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Because of the complexity of harmony in the standard repertoire and the freedom of expression inherent within the genre, jazz requires that guitarists develop a flexible and diverse chord vocabulary. In this lesson, we’ll look at strategies for building four-part seventh chord voicings, their inversions, and voice leading through common jazz progressions.
The term four-part chord voicing refers to a class of four-note seventh chord voicings in which the root, third, fifth, and seventh are all included in the voicing and represented on separate strings. With regard to these voicings, you might think of the guitar as a self-contained string quartet or soprano-alto-tenor-bass vocal choir, particularly when we start working on voice leading later in the chapter. There are six basic groups of voicings:
This chart shows the formulas for the layout of basic four part seventh chords. The numbers represent the voices arranged in order from the lowest pitch to the highest. For example, a chord from group one (1–3–5–7) would be voiced with the root on the bottom, followed by the third, fifth, and seventh, in that order (although jazz guitarists also play inversions for each group, which we’ll get into later). Voicings arranged as described in group one (1–3–5–7) are a favorite of pianists and big-band horn sections, and are commonly referred to as four-way close voicings because all of the notes in the voicings are stacked up in numerical order and contained within a single octave. On guitar, these voicings can be extremely difficult to play in standard tuning, although some four-way close voicings and inversions are possible. You’ll note that a couple of these voicings require a bit of a stretch, so be sure to keep your thumb down low behind the neck to facilitate easier stretching with your fretting hand—if they’re still too difficult, feel free to play them as arpeggios. Example 1 shows a brief melody harmonized by a few of the most common guitar-friendly voicings from this group.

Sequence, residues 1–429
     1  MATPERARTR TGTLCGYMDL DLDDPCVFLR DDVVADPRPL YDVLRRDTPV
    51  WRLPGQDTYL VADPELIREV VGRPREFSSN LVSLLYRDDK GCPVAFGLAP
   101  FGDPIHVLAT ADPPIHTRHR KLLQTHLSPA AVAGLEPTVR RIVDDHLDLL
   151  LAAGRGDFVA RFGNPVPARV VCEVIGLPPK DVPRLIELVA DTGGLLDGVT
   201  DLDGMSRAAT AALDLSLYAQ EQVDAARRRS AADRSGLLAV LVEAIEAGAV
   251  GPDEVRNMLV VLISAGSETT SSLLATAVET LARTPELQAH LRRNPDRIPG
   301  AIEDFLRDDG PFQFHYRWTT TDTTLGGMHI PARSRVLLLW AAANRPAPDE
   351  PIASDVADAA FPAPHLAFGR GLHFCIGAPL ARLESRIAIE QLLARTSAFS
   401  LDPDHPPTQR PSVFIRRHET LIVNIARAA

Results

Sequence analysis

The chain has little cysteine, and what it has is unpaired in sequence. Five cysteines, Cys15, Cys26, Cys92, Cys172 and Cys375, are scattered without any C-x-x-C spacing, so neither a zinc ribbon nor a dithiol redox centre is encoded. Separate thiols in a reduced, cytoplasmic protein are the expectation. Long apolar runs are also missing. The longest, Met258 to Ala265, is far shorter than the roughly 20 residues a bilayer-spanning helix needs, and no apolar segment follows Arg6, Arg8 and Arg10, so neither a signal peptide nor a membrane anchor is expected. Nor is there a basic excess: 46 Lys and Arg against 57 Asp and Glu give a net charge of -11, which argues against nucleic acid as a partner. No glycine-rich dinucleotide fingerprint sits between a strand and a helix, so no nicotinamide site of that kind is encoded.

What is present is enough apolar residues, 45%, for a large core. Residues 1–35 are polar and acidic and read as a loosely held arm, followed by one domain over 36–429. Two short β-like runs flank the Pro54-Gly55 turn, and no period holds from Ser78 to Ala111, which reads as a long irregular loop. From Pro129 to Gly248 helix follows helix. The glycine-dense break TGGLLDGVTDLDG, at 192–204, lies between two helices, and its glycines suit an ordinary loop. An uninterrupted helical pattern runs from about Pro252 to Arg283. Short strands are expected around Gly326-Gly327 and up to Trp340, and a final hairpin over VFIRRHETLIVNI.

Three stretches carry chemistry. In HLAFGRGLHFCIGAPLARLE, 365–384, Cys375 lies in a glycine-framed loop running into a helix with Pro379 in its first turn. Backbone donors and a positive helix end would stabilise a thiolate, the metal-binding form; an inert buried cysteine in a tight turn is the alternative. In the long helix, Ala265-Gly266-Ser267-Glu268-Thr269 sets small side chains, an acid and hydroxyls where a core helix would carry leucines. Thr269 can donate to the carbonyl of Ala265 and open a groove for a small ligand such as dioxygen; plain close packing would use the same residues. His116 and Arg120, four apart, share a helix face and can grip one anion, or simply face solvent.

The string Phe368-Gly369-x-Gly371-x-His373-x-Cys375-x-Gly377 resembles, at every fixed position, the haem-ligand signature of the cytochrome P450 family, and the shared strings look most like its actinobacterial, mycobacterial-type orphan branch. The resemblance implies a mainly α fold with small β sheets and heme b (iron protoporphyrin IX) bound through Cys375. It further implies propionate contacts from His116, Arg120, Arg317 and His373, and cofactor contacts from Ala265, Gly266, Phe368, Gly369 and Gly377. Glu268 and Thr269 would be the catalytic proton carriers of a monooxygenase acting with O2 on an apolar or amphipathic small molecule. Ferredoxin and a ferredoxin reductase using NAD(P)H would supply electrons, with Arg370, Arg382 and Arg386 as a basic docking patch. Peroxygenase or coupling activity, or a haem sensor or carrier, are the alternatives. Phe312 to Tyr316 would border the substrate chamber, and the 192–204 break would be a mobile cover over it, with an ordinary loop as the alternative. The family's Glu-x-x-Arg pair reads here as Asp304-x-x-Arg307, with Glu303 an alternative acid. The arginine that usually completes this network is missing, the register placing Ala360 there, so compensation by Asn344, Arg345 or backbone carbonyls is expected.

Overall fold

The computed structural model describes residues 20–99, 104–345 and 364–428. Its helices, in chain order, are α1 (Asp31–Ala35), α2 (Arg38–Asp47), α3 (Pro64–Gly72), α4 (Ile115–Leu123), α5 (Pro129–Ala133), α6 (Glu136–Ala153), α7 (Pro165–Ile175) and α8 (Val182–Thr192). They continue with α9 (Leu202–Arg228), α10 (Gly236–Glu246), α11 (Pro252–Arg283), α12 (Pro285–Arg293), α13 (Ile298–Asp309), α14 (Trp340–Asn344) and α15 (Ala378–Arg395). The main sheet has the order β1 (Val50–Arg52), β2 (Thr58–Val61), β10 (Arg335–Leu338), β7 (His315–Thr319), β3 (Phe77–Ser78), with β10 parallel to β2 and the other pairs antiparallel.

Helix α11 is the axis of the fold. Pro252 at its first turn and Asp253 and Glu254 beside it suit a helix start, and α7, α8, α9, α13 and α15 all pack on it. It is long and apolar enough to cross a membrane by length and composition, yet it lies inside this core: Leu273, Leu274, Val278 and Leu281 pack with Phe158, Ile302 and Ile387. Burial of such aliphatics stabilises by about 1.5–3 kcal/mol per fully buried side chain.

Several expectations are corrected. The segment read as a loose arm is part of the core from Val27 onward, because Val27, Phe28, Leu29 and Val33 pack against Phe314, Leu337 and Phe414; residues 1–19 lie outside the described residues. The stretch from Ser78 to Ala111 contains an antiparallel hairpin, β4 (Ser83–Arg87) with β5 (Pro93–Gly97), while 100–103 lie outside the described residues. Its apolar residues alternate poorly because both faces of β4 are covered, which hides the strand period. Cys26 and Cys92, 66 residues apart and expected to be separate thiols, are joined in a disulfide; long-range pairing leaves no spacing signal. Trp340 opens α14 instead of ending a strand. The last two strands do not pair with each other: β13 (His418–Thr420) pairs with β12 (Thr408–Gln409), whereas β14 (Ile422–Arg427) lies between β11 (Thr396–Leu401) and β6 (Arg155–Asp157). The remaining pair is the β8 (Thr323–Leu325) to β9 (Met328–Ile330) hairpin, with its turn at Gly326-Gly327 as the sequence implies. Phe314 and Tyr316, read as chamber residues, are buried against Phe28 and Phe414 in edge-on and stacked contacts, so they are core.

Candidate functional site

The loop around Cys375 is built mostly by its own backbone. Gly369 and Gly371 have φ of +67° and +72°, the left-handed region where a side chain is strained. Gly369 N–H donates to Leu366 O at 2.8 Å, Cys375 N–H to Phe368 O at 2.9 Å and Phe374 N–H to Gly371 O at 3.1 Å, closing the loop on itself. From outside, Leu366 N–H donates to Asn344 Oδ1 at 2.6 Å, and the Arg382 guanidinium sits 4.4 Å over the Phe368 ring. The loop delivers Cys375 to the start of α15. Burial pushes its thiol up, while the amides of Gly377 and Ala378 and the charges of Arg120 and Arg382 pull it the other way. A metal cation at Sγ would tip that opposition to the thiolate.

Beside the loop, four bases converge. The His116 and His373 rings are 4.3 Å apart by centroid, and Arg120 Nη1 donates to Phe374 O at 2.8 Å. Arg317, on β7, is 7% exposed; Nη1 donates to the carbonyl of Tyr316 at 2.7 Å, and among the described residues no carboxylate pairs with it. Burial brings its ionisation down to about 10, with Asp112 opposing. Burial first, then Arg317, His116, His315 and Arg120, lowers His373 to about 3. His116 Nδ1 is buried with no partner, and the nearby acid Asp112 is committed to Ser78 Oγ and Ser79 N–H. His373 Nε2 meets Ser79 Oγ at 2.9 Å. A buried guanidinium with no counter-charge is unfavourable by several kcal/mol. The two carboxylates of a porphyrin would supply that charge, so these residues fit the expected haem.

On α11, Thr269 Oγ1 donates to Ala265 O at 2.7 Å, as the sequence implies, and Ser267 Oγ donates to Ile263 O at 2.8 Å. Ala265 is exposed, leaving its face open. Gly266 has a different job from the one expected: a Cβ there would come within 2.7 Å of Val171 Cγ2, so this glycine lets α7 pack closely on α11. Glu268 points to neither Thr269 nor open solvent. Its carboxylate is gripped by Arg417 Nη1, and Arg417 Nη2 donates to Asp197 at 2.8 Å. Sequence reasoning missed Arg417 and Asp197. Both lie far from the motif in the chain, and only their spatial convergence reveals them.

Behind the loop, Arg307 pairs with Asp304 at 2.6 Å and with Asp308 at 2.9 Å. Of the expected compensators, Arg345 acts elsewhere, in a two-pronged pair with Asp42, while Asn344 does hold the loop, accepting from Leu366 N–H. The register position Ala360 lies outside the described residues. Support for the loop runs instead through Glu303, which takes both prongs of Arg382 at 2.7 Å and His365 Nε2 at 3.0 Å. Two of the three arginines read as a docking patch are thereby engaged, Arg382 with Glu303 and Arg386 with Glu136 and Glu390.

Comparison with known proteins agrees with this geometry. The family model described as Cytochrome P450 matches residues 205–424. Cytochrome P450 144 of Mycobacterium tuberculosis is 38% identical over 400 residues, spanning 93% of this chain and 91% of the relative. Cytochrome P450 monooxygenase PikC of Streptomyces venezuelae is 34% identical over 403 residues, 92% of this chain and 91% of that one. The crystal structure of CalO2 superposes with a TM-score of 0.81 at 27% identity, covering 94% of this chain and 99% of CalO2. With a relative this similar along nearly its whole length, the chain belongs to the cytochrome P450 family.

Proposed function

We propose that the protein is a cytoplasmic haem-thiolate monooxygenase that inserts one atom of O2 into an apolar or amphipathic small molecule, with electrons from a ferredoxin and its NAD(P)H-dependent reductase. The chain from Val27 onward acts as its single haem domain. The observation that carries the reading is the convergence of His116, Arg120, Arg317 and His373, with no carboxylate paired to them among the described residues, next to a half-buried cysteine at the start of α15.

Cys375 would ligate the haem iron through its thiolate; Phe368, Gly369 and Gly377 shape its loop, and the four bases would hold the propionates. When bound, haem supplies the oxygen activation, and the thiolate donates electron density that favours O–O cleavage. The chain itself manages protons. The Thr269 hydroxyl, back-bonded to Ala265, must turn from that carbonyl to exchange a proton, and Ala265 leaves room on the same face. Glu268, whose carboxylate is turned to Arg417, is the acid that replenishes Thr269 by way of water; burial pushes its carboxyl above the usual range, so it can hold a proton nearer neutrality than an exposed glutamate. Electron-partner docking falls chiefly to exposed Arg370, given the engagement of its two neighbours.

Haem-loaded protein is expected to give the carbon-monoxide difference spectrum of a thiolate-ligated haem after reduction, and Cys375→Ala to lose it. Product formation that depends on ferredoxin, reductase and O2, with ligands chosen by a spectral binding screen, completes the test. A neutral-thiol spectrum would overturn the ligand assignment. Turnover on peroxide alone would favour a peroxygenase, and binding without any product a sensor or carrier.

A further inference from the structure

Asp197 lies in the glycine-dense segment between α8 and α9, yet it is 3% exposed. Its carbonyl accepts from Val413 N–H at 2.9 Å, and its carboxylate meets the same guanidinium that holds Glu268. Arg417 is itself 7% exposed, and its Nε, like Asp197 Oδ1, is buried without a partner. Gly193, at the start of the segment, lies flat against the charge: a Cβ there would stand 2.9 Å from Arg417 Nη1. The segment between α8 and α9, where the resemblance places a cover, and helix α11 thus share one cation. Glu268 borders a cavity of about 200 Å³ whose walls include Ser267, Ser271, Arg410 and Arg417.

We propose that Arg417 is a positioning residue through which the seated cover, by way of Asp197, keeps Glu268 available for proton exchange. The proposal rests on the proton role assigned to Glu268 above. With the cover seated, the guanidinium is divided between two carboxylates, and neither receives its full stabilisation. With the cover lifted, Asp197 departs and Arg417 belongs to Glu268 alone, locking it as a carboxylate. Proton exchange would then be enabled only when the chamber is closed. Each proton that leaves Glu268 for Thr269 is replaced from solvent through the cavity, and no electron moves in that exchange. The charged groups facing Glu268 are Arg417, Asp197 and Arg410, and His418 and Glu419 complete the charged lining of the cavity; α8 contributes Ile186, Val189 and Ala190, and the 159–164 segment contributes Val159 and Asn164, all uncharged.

If the chords in group two (1–3–7–5) look familiar, it may be because they are essentially guide tone voicings on the bottom with a fifth on top. In these voicings, the fifth is moved up to the next octave, making them much easier to play than the voicings in group one. Example 2 shows 1–3–7–5 voicings harmonizing individual melody notes. As you can see, these chords are perfectly suited for solo guitar playing; it’s as if there are two different guitarists, one playing the melody on top and one playing guide tone voicings below.